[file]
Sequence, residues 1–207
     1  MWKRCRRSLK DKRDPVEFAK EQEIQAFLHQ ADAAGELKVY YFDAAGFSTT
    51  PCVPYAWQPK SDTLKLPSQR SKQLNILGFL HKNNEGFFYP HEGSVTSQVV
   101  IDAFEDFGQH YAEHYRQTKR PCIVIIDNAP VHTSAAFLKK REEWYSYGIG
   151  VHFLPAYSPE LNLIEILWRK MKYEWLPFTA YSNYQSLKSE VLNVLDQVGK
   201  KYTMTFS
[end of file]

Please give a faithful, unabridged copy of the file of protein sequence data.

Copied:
Sequence, residues 1–207
     1  MWKRCRRSLK DKRDPVEFAK EQEIQAFLHQ ADAAGELKVY YFDAAGFSTT
    51  PCVPYAWQPK SDTLKLPSQR SKQLNILGFL HKNNEGFFYP HEGSVTSQVV
   101  IDAFEDFGQH YAEHYRQTKR PCIVIIDNAP VHTSAAFLKK REEWYSYGIG
   151  VHFLPAYSPE LNLIEILWRK MKYEWLPFTA YSNYQSLKSE VLNVLDQVGK
   201  KYTMTFS